The last couple of years have been abject misery for Ducati racing fans as MotoGP results were pretty much nonexistent and World Superbike glory began to fade. So Ducati sales must be tanking right? Not exactly.
You could well argue that if it weren’t for racing, in particular World Superbike Racing, Ducati would probably still be an obscure Italian brand attracting motorcycle contrarians to a pretty yet outdated model range from a bygone era. Think Moto Guzzi.
Instead the development of the liquid cooled 8-valve desmoquattro led to an almost endless string of racing victories for the tiny Bologna Ducati concern against the might of Japan. Far more people had heard of the Ducati 851 than who had ever seen one, let alone ridden one but it set the scene for the simply gorgeous 916 that followed it and all of a sudden riders were trading their GSX-Rs and Blades in for an exquisite Italian jewel that had the pace to back up its looks.
So us Ducatisti came to claim the first every MotoGP refugee World Superbike champion (Raymond Roche) as our own and go on to worship at the foot pegs of Doug Polen, the mighty King Carl, the Troys all the way through to the new king, Carlos who in the symmetrical way of these things was also a MotoGP refugee.
For most of this story, Ducati was known almost solely as a maker of hard core crotch rockets as beautiful as they were impractical. Although the Monster was a sales success starting in 1993, most of the profit came from the higher margin Superbike range. It was hard to argue that racing wasn’t the best marketing investment the company could make.
Fast forward to now. That basso profundo that catches your ear is far more likely to be from a Multistrada, Hypermotard, Monster or even a Diavel than a Superbike. Yes, that’s right. Ducati is now as much a maker of Adventure Tourers, Supermotos (ok, pseudomotos), Nakeds and even Performance Cruisers as it is a purveyor of fine Superbikes.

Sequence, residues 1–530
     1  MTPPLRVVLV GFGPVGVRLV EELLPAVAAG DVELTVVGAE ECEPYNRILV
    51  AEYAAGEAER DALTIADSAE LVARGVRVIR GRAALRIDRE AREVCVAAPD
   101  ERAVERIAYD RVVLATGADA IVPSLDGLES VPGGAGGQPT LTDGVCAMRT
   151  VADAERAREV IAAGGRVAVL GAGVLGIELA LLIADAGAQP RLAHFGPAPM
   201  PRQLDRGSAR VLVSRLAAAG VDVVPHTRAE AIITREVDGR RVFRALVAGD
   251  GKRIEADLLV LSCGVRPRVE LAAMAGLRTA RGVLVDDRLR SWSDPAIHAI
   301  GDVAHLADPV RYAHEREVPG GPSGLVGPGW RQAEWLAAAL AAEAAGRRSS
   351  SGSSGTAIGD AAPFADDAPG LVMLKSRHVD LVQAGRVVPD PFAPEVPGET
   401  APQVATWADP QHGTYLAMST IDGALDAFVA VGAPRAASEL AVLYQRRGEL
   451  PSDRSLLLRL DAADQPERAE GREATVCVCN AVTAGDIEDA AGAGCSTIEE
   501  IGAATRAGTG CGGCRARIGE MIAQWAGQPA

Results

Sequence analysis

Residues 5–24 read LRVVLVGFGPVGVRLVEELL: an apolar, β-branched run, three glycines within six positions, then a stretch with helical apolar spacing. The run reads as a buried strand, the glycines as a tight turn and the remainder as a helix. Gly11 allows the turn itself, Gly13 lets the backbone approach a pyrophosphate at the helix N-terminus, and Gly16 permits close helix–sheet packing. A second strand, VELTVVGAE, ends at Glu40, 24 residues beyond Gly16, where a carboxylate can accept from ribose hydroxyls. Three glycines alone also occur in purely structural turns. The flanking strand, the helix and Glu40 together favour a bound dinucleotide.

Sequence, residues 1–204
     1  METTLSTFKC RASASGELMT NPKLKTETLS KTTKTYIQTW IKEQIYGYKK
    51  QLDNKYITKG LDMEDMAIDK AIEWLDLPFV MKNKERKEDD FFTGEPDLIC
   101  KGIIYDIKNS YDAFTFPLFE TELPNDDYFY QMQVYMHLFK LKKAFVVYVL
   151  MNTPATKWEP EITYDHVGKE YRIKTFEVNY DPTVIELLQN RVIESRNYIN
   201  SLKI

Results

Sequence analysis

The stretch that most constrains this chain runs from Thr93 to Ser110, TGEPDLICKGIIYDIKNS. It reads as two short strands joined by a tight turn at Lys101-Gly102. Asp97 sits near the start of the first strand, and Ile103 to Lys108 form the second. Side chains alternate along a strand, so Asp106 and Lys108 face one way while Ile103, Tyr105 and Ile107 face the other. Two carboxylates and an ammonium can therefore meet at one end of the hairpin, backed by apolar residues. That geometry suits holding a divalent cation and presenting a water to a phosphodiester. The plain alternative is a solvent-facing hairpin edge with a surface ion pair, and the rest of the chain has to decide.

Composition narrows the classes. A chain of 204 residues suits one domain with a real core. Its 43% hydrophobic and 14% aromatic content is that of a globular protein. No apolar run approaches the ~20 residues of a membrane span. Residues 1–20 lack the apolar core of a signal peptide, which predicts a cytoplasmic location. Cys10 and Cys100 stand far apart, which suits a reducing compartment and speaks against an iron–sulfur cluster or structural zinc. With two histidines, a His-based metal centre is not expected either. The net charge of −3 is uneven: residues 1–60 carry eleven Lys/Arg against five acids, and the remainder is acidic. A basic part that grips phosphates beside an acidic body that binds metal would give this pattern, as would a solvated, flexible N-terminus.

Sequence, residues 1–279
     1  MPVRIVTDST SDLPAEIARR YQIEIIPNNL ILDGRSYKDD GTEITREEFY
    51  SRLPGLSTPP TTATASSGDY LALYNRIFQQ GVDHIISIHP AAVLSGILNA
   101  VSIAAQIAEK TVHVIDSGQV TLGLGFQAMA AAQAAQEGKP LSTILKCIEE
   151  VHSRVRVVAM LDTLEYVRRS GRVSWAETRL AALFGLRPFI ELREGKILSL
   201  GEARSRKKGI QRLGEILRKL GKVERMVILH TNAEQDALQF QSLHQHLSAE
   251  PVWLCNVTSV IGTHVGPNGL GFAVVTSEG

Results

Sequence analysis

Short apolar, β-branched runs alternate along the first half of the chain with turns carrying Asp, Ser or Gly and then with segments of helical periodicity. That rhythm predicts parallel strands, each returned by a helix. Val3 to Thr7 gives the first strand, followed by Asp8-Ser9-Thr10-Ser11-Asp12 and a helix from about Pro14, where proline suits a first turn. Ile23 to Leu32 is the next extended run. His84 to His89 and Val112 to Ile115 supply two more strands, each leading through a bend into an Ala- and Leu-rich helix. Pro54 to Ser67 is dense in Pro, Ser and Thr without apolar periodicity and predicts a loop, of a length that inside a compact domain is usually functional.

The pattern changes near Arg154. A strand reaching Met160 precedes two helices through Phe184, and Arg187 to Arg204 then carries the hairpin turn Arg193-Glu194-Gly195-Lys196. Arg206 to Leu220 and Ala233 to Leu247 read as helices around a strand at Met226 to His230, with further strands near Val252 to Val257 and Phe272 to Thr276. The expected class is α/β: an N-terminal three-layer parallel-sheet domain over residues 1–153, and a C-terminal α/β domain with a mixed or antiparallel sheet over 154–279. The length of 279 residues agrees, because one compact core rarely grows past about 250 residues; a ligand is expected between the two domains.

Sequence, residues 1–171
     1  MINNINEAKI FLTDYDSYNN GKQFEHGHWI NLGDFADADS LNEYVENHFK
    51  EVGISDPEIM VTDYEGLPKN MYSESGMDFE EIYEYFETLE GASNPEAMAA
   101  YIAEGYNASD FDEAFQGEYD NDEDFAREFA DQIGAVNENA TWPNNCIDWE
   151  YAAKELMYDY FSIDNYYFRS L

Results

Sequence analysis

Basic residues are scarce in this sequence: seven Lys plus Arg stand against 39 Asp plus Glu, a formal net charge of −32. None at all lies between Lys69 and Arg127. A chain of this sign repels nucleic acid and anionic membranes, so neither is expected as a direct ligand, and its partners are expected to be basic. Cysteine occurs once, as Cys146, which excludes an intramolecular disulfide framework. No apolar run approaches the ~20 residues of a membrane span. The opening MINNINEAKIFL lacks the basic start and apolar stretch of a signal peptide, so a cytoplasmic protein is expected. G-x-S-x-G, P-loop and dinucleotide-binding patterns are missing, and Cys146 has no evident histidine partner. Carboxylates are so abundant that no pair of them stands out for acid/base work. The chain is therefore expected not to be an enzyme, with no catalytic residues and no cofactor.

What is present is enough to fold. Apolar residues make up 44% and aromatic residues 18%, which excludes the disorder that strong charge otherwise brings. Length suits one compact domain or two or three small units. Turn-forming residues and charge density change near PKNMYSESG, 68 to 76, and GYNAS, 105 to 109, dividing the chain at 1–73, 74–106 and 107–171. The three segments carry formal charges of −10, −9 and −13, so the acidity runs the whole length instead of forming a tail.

Do you think the guy who pulls up at Starbucks on his Ducati Diesel Edition Monster knows the latest MotoGP race results? Didn’t think so. Ducati’s sales are booming at just the time that its race program is falling to pieces. The company has doubled its marketshare by investing in novel takes on new product that has migrated the brand into new segments and attracted a whole new bunch of riders who could care less about race results.
Just as well. After an unexpected championship victory with Carlos Checa in 2011 in a kind of non-factory team, the Ducati World Superbike tilt imploded this year as Carlos tried to override the bike in the turns to compensate for its distinct lack of pace in a straight-line (what’s Marco’s excuse then!).
Naturally the Valentino Rossi Ducati partnership will be written about for decades, analysing every last angle looking for the explanation for such a spectacular failure. The truth is though that it took a miracle and now retired Casey Stoner to take a title for Ducati and that stunning year in 2007 hid a lot of sins. Ducati has been racing in MotoGP for 9 years and won the title just once. Pretty impressive given the firm’s size and lack of premier racing pedigree, but 1 out of 9 means you got beat the 8 other times.
Luckily, racing results are simply not that mission critical anymore. We, like you, can’t wait to see Ducati winning again (but it will probably take a bunch of time and a bunch of Audi cash). Still thanks to canny strategic product planning it isn’t that big of a deal either way. While Ducati Corse stumbled, Ducati Motor Holdings did just fine thank-you.